Source: NASA Hubble Release 12-012
Emergence of an exploding star, called a supernova in Hubble Deep Field.
Image credits: NASA, ESA, A. Riess (Space Telescope Science Institute and The
Johns Hopkins University), and S. Rodney (The Johns Hopkins University)
Using NASA's Hubble Space Telescope, astronomers have solved a longstanding mystery on the type of star, or so-called
progenitor, which caused a supernova seen in a nearby galaxy. The finding yields new observational data for pinpointing one of several scenarios that trigger such outbursts.
Based on previous observations from ground-based telescopes, astronomers knew the supernova class, called a Type Ia, created a remnant named SNR 0509-67.5, which lies 170,000 light-years away in the Large Magellanic Cloud galaxy.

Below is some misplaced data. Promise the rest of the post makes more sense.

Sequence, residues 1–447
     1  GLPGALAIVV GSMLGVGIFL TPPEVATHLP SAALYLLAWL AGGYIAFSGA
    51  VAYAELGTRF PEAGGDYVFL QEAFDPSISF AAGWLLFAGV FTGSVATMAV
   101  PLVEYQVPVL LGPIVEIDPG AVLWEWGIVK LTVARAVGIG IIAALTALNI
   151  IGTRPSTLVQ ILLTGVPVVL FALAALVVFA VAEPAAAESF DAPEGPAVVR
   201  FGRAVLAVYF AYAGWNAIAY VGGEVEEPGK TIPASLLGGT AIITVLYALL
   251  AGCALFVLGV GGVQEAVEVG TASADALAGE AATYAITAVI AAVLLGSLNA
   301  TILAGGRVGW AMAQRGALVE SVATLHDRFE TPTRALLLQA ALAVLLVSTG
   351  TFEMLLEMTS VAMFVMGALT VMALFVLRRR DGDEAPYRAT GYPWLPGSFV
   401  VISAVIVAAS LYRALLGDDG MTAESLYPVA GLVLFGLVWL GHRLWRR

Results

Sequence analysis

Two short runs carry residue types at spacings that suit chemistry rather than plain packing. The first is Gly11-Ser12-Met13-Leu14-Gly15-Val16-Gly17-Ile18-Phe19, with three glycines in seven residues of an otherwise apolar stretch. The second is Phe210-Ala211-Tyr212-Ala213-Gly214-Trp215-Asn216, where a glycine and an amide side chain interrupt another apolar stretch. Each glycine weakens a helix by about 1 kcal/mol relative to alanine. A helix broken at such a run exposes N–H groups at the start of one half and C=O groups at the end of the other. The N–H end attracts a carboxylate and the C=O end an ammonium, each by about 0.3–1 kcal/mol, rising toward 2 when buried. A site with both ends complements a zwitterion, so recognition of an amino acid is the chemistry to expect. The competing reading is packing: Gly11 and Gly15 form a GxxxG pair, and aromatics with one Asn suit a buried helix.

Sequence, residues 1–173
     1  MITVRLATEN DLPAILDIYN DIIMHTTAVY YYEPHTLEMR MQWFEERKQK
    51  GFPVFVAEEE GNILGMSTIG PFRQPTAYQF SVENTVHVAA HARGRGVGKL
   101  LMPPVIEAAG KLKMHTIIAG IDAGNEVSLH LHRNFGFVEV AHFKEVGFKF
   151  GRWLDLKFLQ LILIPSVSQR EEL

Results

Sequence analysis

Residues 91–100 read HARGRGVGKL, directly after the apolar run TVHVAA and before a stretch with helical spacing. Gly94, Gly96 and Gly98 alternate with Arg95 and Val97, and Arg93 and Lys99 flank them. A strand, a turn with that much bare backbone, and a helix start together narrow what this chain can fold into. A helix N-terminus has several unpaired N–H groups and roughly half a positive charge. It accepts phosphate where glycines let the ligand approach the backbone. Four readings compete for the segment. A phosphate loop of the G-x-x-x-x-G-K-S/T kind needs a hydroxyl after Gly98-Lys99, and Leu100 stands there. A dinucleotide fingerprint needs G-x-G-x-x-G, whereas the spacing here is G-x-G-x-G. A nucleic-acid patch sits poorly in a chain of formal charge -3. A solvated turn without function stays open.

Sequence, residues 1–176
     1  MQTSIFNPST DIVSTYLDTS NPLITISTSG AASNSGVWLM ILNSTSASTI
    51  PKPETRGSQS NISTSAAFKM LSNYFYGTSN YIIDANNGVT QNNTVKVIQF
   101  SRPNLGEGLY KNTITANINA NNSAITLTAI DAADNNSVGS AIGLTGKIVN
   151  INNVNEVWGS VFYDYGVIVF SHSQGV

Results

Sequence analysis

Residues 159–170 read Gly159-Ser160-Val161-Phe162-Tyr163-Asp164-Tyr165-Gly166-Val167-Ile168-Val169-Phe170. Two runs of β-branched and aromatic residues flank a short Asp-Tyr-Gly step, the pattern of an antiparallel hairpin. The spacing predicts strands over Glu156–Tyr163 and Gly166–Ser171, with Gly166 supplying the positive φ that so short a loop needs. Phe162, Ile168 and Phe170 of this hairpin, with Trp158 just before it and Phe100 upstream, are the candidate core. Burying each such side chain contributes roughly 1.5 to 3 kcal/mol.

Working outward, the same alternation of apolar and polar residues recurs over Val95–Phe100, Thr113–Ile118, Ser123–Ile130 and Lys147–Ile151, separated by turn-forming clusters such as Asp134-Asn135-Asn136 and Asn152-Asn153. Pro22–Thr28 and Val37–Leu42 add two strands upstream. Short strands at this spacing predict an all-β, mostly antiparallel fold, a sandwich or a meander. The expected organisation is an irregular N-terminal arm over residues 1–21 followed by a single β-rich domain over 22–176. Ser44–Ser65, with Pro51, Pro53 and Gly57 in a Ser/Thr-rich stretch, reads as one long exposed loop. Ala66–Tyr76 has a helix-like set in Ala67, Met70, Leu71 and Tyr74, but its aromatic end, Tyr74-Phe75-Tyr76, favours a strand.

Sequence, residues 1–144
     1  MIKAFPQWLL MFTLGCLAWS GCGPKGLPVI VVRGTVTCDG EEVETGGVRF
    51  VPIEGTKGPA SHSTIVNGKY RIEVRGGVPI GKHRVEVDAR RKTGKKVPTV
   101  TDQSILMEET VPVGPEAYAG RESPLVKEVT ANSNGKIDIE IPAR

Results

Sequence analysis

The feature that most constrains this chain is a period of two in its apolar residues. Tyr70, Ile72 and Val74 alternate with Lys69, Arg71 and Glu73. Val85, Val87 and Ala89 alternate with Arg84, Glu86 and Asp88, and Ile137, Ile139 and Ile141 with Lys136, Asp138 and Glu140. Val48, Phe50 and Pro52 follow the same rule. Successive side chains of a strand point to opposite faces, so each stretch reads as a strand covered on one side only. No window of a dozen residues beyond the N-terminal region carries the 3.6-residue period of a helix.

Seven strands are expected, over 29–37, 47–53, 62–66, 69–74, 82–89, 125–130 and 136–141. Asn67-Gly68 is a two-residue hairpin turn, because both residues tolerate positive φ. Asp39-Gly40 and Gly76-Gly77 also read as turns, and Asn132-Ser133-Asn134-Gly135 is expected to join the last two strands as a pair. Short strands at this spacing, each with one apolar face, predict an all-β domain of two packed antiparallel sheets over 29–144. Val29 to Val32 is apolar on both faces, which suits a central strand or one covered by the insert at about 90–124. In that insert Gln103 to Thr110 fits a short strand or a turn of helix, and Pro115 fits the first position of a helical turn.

Theoretically, this kind of supernova explosion is caused by a star spilling material onto a white dwarf companion, the compact remnant of a normal star, until it sets off one of the most powerful explosions in the universe.
Astronomers failed to find any remnant of the companion star, however, and concluded that the common scenario did not apply in this case, although it is still a viable theory for other Type Ia supernovae. (read more)